It was my parents fault, really.  They started it.

They set out as adventurers, living and teaching in the Alaskan bush before my existence was even a blush on my mother’s cheek.  I lived there too, once I came about.  I learned Yupik and wore muk-luks and parkas my mother sewed from animal skins.  I still sing Frere Jacques in Yupik.  We moved away when I was still very young, but my first memories of life are of villagers bringing in a whale and sled dogs staked out in yards.  Legends from which I never recovered.

My parents were both teachers.  As a family unit, we plowed through this great country of ours every summer, pitching tents and watching the Milky Way slip across the night sky.  Merit was gained by who could read longer by the light of the moon.  We fished and swam and laughed.  Mom played the guitar, crooning folk songs the world forgot decades ago, while I burned their words and tunes into my heart.  I decided at that point that I would carry my parents legacy, and throw my own flair on the back end.

I took up shooting competition pistol, and I was good.  I was really good.  It was an individual sport, and I loved that my success was totally up to me.  I rocked the cover of a catalog, won awards and prizes, became sponsored, and traveled parts of the country.

Then I set a goal ~ Ride My Bicycle Across the United States.  So I rode from Astoria, Oregon to Ocean City, New Jersey.  When I saw the Atlantic Ocean, I cried.  It was great, so a few years later I did it again.  The second time I shaved my head and rode from Anacortes, Washington to Harpswell, Maine.  At the end, I cried again…hard.  I cried because I was so happy that I accomplished it, because I was so sad that it was over, because I didn’t figure out the meaning of life, and because I knew I couldn’t sit on the ground wherever I wanted or sleep outside every night.  I tried, though.  I slept in my tent at home for a while and eventually settled for sleeping in my sleeping bag on top of my bed.  When driving to work, I’d find myself identifying good trees-bushes-air conditioning units-ditches where I could pee.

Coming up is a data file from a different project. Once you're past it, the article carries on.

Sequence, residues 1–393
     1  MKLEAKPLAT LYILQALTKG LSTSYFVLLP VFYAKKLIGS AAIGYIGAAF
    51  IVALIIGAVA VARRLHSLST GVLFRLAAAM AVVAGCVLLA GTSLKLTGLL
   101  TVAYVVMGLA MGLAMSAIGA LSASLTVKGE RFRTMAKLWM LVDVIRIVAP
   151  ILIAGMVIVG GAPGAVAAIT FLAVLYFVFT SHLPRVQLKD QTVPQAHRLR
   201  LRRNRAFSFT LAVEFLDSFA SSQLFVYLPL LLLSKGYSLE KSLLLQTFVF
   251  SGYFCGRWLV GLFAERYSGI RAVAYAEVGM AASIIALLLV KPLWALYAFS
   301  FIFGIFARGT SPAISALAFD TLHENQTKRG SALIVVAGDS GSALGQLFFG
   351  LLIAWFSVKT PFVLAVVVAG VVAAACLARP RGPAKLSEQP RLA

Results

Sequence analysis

Okay, so I started feeling pretty good about my life resume, but the crying thing was addicting.  I wanted to be that proud of myself again.  I wanted to be part of something that blew my own mind, and I wanted that giant feeling to feel normal.  I wanted to be vetted.  I’d done this great thing twice, but the world kept delivering people to me who nonchalantly declared that they’d done that too…and some other awesome stuff.  I knew I needed more.  So I rode from San Diego, California to Crescent Beach, Florida.  Crying commenced, feeling vetted did not.

I set more goals ~ Make it to every state before you turn thirty.  It was quite the chore getting to Rhode Island, but I pulled it off, and with that trip I scored just enough frequent flier miles to go to Hawaii for free.  My last state.  I made it three months before my self-prescribed deadline.  Triumph.

At that point I realized that no matter what adventure I embarked on or completed, it was never going to be enough for me.  I had no choice but to continue.  As I’d wished, this big feeling had become normal.  My work was not a career, it was an agent which allowed me to live a relatively normal life while I planned my next early retirement.

In August of 2009, I went to the wedding of a college friend, and my life forever changed.  I met a marvelous man there and since he came with references, we began dating the following week.  His life resume echoed my own.  He was in the Peace Corps stationed in Cameroon, Africa.  He’d hiked the Tahoe Rim Trail with only his dog.  A master of one-liners, he was impressive, kind, brilliant, and oh so handsome.  Swoon. We hiked on nearly every date, and within two months, we’d backpacked in Yosemite and climbed the cables of Half Dome together.

We married in 2012, and he was my support and resupply team while I hiked 731.36 miles of the Pacific Crest Trail in 2016.

With The Wind At My Back, who knows which way I will head next.

Maybe I’ll build a raft and float it down the Mississippi to the Gulf of Mexico. Maybe I’ll keep riding my bicycle until I finish the perimeter of the United States.

…We Shall See…


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